Meeting News Coverage

Tranexamic acid linked with decrease in transfusion rates, no increase in venous thromboembolic events

NEW ORLEANS — A retrospective review of prospectively collected data presented here shows use of tranexamic acid is associated with a significant decrease in transfusion rates and no increase in venous thromboembolic events for patients undergoing either primary or revision hip or knee replacement.

“Tranexamic acid continues to support a decreased transfusion rate following both primary and revision hip and knee surgery without any increase in thromboembolic events,” Scott A. Wingerter, MD, PhD, said during his presentation at the American Academy of Orthopaedic Surgeons Annual Meeting.

 

Scott A. Wingerter

Wingerter and colleagues at Washington University School of Medicine performed a database search of all primary and revision hip and knee replacement surgeries to compare the transfusion rates and incidence of venous thromboembolic events (VTEs) before and after tranexamic acid (TXA) was routinely used at the center. According to Wingerter, there were no significant differences in demographic data between the pre-TXA and post-TXA groups. In the TXA cohort, investigators stratified patients into low-, intermediate- and high-risk groups for dosing. Postoperatively, all patients followed the institution’s anticoagulation protocol. Under this protocol, high-risk patients were given warfarin and wore compression stockings and standard-risk patients were prescribed aspirin and mechanical prophylaxis. Overall, the study included 1,320 hip cases and 886 knee cases.

The investigators found the transfusion rate for all hip cases combined was 41.7% pre-TXA, which decreased to 13% after TXA. The rate for knee cases decreased from 25% to 7%.

For the rate of VTEs, “there was no significant difference in the incidence at 4 weeks to 6 weeks or at 6 months. There was actually an absolute lower percentage in our patient group that was receiving TXA. There was only a 0.4% incidence in the TXA group compared to a 0.7% incidence in the non-TXA group at 6 months,” Wingerter said.

Reference:

Wingerter SA. Paper #1. Presented at: American Academy of Orthopaedic Surgeons Annual Meeting; March 11-15, 2014; New Orleans.

Disclosure: Wingerter has no relevant financial disclosures.

NEW ORLEANS — A retrospective review of prospectively collected data presented here shows use of tranexamic acid is associated with a significant decrease in transfusion rates and no increase in venous thromboembolic events for patients undergoing either primary or revision hip or knee replacement.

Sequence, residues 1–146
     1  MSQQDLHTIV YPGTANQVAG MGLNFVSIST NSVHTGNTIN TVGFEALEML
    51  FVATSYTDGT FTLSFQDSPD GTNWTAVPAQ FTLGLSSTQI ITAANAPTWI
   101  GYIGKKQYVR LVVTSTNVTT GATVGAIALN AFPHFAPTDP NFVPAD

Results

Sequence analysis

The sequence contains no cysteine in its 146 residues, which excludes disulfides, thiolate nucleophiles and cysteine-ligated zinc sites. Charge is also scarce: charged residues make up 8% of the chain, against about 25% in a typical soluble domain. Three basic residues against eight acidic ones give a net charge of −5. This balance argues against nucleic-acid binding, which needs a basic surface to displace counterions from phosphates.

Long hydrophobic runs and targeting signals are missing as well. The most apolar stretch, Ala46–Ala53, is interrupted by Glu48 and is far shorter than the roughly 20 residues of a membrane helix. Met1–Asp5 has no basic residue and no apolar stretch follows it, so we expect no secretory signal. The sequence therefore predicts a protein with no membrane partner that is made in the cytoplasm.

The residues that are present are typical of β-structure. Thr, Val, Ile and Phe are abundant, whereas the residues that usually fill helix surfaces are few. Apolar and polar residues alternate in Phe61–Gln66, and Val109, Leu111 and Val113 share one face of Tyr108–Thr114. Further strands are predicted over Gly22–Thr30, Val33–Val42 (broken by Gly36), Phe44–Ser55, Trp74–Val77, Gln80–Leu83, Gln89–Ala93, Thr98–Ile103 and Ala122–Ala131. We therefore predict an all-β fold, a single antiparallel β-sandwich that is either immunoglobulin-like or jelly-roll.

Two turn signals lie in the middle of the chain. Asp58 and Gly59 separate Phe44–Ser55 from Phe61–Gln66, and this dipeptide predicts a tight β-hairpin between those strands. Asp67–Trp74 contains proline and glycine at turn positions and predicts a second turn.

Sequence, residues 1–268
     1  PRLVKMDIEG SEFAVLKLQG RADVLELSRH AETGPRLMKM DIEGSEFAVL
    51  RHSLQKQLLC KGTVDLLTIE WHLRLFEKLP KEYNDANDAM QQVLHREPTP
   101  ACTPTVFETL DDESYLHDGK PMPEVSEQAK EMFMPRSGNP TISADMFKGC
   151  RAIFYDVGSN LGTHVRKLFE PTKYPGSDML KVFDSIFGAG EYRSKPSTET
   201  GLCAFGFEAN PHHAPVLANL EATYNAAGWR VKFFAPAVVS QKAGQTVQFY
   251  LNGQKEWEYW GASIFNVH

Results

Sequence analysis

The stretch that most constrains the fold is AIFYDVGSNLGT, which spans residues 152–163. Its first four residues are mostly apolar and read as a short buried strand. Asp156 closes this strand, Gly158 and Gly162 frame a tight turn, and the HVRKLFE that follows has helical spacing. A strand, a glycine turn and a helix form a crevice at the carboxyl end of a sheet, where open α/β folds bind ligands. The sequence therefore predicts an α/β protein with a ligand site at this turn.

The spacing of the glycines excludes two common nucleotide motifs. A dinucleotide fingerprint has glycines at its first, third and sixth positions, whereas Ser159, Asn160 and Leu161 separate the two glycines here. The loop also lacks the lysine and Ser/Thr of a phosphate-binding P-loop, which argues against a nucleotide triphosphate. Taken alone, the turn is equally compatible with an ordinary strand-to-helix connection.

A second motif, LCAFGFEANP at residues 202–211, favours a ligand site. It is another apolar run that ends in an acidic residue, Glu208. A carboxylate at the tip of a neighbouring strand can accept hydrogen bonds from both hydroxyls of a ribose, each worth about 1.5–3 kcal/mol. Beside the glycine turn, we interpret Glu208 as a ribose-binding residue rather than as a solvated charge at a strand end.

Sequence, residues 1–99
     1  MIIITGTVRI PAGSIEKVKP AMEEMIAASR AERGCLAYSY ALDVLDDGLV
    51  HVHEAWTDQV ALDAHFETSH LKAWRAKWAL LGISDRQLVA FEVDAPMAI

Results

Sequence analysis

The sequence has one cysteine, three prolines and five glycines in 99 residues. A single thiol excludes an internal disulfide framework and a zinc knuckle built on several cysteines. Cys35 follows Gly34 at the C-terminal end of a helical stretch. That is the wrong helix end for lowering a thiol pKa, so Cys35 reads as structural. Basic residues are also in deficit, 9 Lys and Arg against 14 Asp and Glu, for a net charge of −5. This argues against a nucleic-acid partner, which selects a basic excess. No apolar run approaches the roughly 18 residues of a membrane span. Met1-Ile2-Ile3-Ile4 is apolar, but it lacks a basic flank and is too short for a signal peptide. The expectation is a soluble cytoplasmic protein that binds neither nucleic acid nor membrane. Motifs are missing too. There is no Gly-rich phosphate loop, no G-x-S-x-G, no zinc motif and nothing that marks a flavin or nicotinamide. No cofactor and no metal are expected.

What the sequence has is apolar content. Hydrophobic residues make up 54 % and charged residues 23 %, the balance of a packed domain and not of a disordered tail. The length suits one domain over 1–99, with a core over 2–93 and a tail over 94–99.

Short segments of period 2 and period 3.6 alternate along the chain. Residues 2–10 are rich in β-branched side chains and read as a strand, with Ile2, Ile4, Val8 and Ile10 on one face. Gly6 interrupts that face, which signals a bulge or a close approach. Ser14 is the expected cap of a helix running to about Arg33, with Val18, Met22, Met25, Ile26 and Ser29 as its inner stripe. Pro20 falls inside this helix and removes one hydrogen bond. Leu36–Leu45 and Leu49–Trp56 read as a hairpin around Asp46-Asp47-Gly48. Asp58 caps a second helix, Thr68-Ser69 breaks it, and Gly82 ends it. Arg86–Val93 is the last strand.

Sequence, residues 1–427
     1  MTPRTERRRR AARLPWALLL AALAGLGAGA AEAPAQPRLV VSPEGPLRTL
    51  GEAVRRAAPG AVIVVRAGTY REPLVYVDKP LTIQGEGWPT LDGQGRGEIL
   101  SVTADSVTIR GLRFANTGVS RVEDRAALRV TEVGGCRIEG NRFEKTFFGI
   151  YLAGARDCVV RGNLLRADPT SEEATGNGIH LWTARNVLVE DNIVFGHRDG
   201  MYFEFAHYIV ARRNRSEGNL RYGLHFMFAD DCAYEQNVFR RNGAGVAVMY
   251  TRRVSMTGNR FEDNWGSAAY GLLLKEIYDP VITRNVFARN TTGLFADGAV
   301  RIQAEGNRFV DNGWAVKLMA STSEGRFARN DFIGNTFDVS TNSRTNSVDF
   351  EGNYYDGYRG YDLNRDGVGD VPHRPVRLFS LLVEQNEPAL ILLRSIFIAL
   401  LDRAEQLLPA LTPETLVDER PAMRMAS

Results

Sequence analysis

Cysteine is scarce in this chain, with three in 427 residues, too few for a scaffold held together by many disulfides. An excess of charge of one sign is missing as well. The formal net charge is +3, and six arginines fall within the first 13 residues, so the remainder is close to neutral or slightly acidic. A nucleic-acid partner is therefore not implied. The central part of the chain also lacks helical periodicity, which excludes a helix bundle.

“Tranexamic acid continues to support a decreased transfusion rate following both primary and revision hip and knee surgery without any increase in thromboembolic events,” Scott A. Wingerter, MD, PhD, said during his presentation at the American Academy of Orthopaedic Surgeons Annual Meeting.

 

Scott A. Wingerter

Wingerter and colleagues at Washington University School of Medicine performed a database search of all primary and revision hip and knee replacement surgeries to compare the transfusion rates and incidence of venous thromboembolic events (VTEs) before and after tranexamic acid (TXA) was routinely used at the center. According to Wingerter, there were no significant differences in demographic data between the pre-TXA and post-TXA groups. In the TXA cohort, investigators stratified patients into low-, intermediate- and high-risk groups for dosing. Postoperatively, all patients followed the institution’s anticoagulation protocol. Under this protocol, high-risk patients were given warfarin and wore compression stockings and standard-risk patients were prescribed aspirin and mechanical prophylaxis. Overall, the study included 1,320 hip cases and 886 knee cases.

The investigators found the transfusion rate for all hip cases combined was 41.7% pre-TXA, which decreased to 13% after TXA. The rate for knee cases decreased from 25% to 7%.

For the rate of VTEs, “there was no significant difference in the incidence at 4 weeks to 6 weeks or at 6 months. There was actually an absolute lower percentage in our patient group that was receiving TXA. There was only a 0.4% incidence in the TXA group compared to a 0.7% incidence in the non-TXA group at 6 months,” Wingerter said.

Reference:

Wingerter SA. Paper #1. Presented at: American Academy of Orthopaedic Surgeons Annual Meeting; March 11-15, 2014; New Orleans.

Disclosure: Wingerter has no relevant financial disclosures.

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